Google Earth: Impact Structures Goodness

Impact IconA few of you noticed that I’ve released some more impact structures/craters for your enjoyment in Google Earth. For those who don’t… I’ve released all 172 impact structures on earth, nicely categorised by continent or, if you want, just the top 25. Take your pick from the box on the right.

So what do you get? An overview of all the confirmed impact structures on this planet’s surface, including a description (with link to Wikipedia) and an indicator of the estimated size.

How to enjoy?

  1. Download Google Earth and install.
  2. Click on a ‘view’ of your choice. (box on the right)
  3. Wait a little for GE to show the craters and then select details from the newfound impact structures folder.

Feedback is welcome and be sure to keep an eye on the Google Earth page here.

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13 responses to “Google Earth: Impact Structures Goodness”

  1. […] This alternative isn’t a reality already. But it could be done. If someone, other than me, would implement a KML/KMZ parser combined with the Google Maps Api, you’d have a killer-app. (I’m looking at you, GEH) Although I must say Google Maps is no match for Google Earth as for the 3D experience. But the only thing you’ll need is a browser (Safari, Camino or Firefox), drop in your placemarks and enjoy the view. My experiments so far have led to implementing the top 25 impact structures in GMaps. You can view the alpha version in the lab (alpha meaning it’s severely broken). […]

  2. I fly over a crater just south of Atlanta, GA. It is located just southeast of Woodbury, Ga. Do you have any information on its formation? The center coordinates are N32 56 w084 32.5. Georgia Tech has an radio telescope near those coordinates. From the air, a very round ring of hills is very evident, especially with low sun angles.

  3. So, that’s well done, Frank!
    The volcanoes and the earthquakes are already implemented in Google Earth, but not the impact craters.
    Thank you very much for doing this, now is the geological view complete! I’ve spent hours and hours watching it, flying over the craters and enjoying the amazed faces of other people watching me using this application.

    Only one question: the Size Indicators. Some of the structures marked into the SEIS March 2006 index have been researched the last two and an half years. Some are confirmed, others rejected, ans an few ones turned out to have an other size than showed with the Size Indicator.

    Ik would like it to hold the application up to date (at least at my own computer), so can you tell me how I can change the size of some of the Size Indicators?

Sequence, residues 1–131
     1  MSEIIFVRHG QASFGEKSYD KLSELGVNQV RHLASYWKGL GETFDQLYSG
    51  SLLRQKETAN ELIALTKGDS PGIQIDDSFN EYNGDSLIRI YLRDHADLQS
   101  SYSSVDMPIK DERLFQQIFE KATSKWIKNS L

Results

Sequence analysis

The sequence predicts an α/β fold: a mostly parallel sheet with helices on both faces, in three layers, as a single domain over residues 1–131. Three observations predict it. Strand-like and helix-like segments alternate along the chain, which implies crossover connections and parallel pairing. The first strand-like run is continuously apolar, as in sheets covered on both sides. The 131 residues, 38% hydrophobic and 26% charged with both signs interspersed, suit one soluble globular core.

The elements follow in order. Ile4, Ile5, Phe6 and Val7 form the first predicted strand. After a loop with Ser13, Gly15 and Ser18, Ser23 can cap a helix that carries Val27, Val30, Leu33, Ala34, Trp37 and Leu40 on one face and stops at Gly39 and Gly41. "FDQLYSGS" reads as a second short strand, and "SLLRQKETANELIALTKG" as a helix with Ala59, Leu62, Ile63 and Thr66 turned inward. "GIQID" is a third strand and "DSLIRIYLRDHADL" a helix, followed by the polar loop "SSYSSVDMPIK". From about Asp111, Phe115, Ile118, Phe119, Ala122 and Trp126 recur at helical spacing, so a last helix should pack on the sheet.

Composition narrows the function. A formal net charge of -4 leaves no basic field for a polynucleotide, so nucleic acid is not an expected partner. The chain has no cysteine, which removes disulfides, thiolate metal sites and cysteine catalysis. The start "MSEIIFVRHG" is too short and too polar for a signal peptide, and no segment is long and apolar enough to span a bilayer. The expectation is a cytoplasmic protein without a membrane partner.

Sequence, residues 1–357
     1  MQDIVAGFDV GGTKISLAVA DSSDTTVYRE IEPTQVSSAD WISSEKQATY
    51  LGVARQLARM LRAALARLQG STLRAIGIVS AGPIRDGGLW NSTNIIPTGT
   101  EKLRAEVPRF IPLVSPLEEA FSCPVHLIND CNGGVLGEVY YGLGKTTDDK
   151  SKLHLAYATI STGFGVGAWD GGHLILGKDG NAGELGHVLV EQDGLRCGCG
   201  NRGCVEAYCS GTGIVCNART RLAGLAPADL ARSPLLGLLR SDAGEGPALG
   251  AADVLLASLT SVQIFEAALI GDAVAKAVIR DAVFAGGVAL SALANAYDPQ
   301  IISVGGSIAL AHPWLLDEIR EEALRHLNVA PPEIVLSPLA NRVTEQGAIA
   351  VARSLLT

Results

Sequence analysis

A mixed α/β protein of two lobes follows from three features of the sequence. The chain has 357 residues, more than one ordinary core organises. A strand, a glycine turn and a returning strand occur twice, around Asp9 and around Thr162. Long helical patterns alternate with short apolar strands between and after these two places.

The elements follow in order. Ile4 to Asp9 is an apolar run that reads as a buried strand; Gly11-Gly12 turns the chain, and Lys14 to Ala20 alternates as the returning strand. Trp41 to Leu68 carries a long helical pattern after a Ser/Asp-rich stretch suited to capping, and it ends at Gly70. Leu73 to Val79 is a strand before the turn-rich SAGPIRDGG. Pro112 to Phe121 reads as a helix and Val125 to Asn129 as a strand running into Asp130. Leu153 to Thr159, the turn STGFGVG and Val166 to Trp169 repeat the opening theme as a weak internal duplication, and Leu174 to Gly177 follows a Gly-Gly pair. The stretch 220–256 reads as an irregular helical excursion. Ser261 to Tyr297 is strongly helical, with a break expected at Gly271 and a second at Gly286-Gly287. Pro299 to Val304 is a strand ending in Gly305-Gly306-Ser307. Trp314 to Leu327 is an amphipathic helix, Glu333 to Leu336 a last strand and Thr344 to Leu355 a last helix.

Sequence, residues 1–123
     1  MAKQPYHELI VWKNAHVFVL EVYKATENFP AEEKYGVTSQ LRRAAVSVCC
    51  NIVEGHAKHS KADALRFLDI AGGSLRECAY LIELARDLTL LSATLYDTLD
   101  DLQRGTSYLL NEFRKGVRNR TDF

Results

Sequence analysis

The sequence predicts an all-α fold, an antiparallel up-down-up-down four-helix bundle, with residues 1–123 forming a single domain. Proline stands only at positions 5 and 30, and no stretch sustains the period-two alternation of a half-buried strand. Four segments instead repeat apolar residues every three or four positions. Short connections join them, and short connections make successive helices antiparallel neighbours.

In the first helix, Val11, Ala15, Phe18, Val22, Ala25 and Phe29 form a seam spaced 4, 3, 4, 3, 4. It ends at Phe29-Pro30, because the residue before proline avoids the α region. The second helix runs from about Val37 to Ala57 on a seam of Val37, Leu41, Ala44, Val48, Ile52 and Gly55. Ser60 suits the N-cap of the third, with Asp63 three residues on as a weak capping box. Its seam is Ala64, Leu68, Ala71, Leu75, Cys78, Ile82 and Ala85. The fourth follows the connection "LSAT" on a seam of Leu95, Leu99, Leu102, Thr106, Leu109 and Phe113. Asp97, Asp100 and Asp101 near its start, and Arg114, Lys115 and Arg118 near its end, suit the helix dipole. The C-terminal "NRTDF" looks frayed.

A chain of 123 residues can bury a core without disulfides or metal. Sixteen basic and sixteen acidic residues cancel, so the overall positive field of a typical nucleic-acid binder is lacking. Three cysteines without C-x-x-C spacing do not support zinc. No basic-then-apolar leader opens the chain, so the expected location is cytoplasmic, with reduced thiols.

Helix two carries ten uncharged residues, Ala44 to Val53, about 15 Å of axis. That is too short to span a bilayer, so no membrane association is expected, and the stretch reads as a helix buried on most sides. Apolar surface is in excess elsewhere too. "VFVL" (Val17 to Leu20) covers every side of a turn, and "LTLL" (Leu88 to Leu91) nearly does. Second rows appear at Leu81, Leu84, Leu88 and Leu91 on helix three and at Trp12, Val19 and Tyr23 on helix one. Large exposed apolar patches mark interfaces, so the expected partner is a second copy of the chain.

4. Hello Hans,

    I’m afraid the collection isn’t as up to date as I’d like it to be. Maybe if I can find some time in the near future.

    The size indicators are generated according to geographic coordinates. There probably isn’t an easy way to change these. Maybe in the ‘pro’ version of Google Earth?

  5. Thank you very much for your answer, Caspar.
    (I’m sorry for calling you Frank.)

    I have tried to adapt the size indicators and nothing seems to work. Probably you’re right and Google Earth Pro is needed for that. But paying 400 euros (~$500) for a possible chance to fix only a few size indicators… Hmm, not done with my student income of €230 a month. 😉

    But the application for the confirmed craters is working very well.
    Thanks to this application I ‘discovered’ the two craters in shouth Germany (less than 400 miles from my home in Holland), for a meteorology student a interesting and affordable place to visit in the next summer. The application self is actually just like a camp fire: it’s hard to stop looking at it.

  6. Actually not, mihai. Since a few years i’m now at Wageningen, some 40 kilometres south of Deventer. Still pretty close by.

    Ontopic about the craterapplication: it’s still in thankful use here. @Caspar: here is at least one persistant and frequent user of it.

  7. To anyone. What is the structure at the southeastern end of Madagascar? It’s circular and and about 40 miles wide. Thanks Much!

  8. To anyone. What is the structure at the southeastern end of Madagascar? It’s circular and about 40 miles wide. Thanks Much!

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